Altruism Today


December 19th, 2011  |  Source: CAF America


The United States now ranks the highest in terms of charity in a massive global survey that put the nation in fifth place in 2010, according to CAFAmerica, a member organization of the United Kingdom based Charities Aid Foundation International Network of Offices, providing charitable financial services to individuals, global corporations, charities, and foundations.

According to those surveyed, two out of three Americans said they donated money to charity (65 percent), more than two out of five volunteered their time (43 percent) and roughly three out of four helped a stranger (73 percent).

The new “World Giving Index (WGI) 2011” report is based on over 150,000 Gallup polling interviews with members of the public in 153 countries. The 2011 report looks at three aspects of giving behavior of individuals in the preceding month, asking if they have donated money to a charity, volunteered time to an organization, or helped a stranger.

The top-ranked U.S. was followed in the survey by Ireland, Australia, New Zealand and the United Kingdom rounding out the top five. The four new countries in the top 20 compared to the 2010 WGI report are Thailand, Morocco, Nigeria and Liberia. Of these, Liberia has enjoyed the biggest rise from 39th to 14th place, although Morocco’s increase from 33rd to 12th is equally notable. Other major shifts in the rankings include the rise of the United Kingdom from eighth to fifth, and Thailand’s neighbor Laos moving to tenth place.

Read the December 19, 2011 news release.

Read the “World Giving Index 2011” report.

Listen to the December 19, 2011 news event.

AmeriCares & GE Foundation: Health Care for the Uninsured

December 5th, 2011  |  Source:

New online resource to help improve care at free clinics nationwide

AmeriCares and the GE Foundation have teamed up to launch an innovative online resource guide for free clinics and nonprofit health care centers serving the growing number of uninsured Americans. With nearly 50 million people in the U.S. without health insurance, and more families relying on safety net clinics as their primary source of medical care, serves as a comprehensive resource dedicated to improving the care provided by the 1,200 free clinics serving America’s uninsured and underinsured.

The site contains practical how-to guides for clinic administrators interested in better managing volunteers, organizing on-site pharmacies and improving the delivery of health services. It also features a message board where clinic directors can solicit advice from their peers all across the country. The site links to AmeriCares U.S. Access online ordering system that allows free clinic administrators to request donations of medicines and supplies from products in stock at AmeriCares Stamford, Conn. warehouse.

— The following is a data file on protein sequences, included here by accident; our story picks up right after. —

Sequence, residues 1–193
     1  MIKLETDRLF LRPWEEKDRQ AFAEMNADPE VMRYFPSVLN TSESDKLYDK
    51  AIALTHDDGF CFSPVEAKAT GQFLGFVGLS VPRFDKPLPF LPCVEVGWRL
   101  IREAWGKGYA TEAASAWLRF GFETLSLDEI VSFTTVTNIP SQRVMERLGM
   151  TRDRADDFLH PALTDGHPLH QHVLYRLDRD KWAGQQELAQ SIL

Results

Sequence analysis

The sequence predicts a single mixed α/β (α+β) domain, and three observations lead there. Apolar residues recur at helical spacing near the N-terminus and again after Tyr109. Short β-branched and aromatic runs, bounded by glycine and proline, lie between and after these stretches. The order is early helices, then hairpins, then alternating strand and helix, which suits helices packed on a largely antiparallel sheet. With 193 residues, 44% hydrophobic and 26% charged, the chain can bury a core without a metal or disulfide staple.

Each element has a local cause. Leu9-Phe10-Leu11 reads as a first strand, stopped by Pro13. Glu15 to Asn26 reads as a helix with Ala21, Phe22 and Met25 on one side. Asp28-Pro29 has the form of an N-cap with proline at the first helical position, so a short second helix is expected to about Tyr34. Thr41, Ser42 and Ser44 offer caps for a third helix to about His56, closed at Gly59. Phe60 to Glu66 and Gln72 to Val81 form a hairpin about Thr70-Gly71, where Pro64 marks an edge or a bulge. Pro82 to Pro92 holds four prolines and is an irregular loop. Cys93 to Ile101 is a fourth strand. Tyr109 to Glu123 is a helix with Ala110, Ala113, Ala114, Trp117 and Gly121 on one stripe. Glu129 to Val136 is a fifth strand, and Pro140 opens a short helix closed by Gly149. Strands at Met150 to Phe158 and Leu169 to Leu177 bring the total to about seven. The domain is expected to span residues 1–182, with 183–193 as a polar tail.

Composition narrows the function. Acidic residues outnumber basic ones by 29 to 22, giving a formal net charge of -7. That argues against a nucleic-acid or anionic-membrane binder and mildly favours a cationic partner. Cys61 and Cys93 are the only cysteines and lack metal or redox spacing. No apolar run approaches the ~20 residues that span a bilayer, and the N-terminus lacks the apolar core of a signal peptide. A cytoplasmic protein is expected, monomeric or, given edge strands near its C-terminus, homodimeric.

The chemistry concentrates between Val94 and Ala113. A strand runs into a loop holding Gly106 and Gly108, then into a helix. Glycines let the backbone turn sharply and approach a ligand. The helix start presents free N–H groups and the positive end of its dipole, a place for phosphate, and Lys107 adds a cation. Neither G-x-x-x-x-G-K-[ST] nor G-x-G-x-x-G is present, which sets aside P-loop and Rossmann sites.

“Free Clinics Today is a one-stop-shop for all of the best and most up-to-date information for health care providers serving the uninsured,” said AmeriCares President and CEO Curt Welling. “Pairing our expertise with our medical aid deliveries is one more way we’re helping free clinics do more with limited resources.”

Free Clinics Today is part of AmeriCares expanding domestic work, which includes ongoing medical assistance to 400 free clinics, nonprofit pharmacies and community health centers nationwide. In addition, more than 100,000 Americans rely on AmeriCares Patient Assistance Programs for free prescription medications to manage their chronic health conditions. In Connecticut, where the charity is based, it operates three AmeriCares Free Clinics that provide high-quality, outpatient medical care for low-income residents without health insurance. Launches Membership-Based Platform

November 29th, 2011  |  Source:, one of the largest U.S. organizations that helps teens take action on causes they care about, launches a new membership model today.

The goal of membership is to build an army of doers 5 million strong by 2015. 

The organization will communicate with its members primarily through text messaging, as 90% of teens have a cell phone by age 15 and the open rate for text message is 100%.

Membership gives teens the chance to make a real impact on social change, cash grants and prizes for school and cause projects, swag teens actually want (like movie tickets), and access to invite-only opportunities like the chance to meet a celebrity. Any young person 25 and under can join by texting “JOIN” to 38383 or joining online at